Here's the best summary I've seen yet of the financial fraud that the guru of Radha Soami Satsang Beas, Gurinder Singh Dhillon, (allegedly) has committed while purporting to serve as the "spiritual" leader of a sect with millions of followers worldwide. (The image below came from a story in an Indian publication that I shared in a previous post.)
And the summary you can read below was written by a frequenter commenter on this blog, Spence Tepper. Tepper has been a hospital consultant for 30 years, so he knows how bad it is for the guru and his family to take massive amounts money from Indian healthcare companies with no intention of paying the money back.
That's criminal -- as described in a complaint filed against Dhillon and others by his cousin, Malvinder Singh.
The RSSB teachings say that the guru is God in human form, and most devotees look upon him as just that. Well, I dare those true believers to read Tepper's comment and explain how what Dhillon did could be divine actions. If you disagree with the conclusions in the comment, present specific evidence that what he said is wrong.
Otherwise, accept that the RSSB guru is just a flawed human being, not God in human form. Heres the comment:
Because so many shell companies were set up in his [Gurinder Singh Dhillon] wife's name, and they took so many loans without collateral for so many years, you have two pictures: In family-run Indian private corporations this is entirely allowable and reasonable. They can do with their own money as they like. Happens all the time. Because it's all in the family. Profits and losses.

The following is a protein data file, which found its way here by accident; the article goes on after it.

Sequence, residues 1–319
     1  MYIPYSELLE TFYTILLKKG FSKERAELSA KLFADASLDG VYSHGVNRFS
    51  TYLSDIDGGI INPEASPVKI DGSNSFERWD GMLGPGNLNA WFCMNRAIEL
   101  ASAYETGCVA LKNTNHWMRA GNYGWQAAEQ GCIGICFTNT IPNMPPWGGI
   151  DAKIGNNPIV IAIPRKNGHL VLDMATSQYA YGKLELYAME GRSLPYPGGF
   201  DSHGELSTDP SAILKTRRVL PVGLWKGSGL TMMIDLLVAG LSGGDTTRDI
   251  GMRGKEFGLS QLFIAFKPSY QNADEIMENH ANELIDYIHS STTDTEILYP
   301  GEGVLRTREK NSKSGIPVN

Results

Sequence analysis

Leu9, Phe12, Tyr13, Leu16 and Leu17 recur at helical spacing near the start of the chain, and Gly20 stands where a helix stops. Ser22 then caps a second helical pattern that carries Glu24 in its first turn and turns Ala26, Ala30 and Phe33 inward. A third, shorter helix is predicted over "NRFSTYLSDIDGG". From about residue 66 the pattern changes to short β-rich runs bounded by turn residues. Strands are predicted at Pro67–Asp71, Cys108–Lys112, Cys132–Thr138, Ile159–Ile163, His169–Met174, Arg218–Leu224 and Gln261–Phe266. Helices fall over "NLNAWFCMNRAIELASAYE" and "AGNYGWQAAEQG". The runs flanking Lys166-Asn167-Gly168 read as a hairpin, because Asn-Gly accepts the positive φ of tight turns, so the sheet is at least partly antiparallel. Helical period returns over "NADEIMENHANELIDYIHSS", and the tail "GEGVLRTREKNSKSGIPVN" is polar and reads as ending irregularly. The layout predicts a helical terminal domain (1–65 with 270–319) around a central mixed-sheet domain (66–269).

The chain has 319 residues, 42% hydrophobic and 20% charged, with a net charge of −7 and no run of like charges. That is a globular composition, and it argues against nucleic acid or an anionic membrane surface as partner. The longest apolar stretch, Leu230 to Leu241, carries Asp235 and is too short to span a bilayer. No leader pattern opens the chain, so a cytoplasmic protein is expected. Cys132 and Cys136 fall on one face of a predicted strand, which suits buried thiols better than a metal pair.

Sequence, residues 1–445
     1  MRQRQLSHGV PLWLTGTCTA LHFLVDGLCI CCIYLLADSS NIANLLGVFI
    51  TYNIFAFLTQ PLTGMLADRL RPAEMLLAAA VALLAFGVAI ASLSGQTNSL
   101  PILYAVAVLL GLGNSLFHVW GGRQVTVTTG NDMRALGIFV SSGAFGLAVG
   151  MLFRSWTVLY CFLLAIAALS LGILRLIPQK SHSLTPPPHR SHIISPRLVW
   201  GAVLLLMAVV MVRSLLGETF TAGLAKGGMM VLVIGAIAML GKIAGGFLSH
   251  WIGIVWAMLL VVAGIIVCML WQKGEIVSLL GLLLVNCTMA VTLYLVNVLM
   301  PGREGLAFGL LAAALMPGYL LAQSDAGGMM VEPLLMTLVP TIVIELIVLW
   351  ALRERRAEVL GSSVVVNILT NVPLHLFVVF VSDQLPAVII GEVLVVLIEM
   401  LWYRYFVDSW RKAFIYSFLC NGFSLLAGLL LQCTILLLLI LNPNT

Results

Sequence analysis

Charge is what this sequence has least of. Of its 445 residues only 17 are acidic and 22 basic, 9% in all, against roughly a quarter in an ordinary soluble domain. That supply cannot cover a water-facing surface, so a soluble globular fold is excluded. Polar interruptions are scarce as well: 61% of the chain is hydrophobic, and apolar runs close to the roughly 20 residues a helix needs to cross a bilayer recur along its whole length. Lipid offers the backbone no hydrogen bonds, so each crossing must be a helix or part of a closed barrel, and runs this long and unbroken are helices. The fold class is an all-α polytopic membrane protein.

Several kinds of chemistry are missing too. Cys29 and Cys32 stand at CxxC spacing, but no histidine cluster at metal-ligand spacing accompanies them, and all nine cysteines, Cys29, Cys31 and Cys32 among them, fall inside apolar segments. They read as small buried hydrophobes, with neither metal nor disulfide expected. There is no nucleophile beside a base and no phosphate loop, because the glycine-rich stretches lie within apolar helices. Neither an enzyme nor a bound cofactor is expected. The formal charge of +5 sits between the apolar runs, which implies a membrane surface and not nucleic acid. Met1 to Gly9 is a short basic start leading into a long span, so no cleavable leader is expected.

But when moving to a publicly held company, the picture is entirely different.
These casual agreements between relatives now must be transparent and board-approved. No public corporation's officers, even in India, are allowed by law to make secret loans. They require documentation and beyond a set amount, or beyond accounting practice, they require board approval.
Handing out $400M in loans without any required collateral is fraud. Because you are using other people's money...investors money. So the SEBI has stated (Securities and Exchange Board of India). That is stealing money from investors by intention, on purpose. And as Brian has also pointed out, when you damage a healthcare system, you damage vulnerable patients' lives.
I've been a hospital consultant for more than 30 years. This is very wrong. And healthcare systems, in India, also run with much tighter oversight guidelines, just as they do in the U.S. Transparency is crucial to protecting patient lives.
So there is a huge overflowing basket of violations here. As India and other countries become cost-effective centers for surgery for patients abroad, they have worked very hard to confirm quality standards. This whole fiasco with the Dhillon family places a significant and visible black mark on that decades-long effort.
It is understandable that Baba Ji's swagger, common in family-owned companies in India, now in a public company, is fraud. But in a healthcare system, it's worse, and harms vulnerable patients.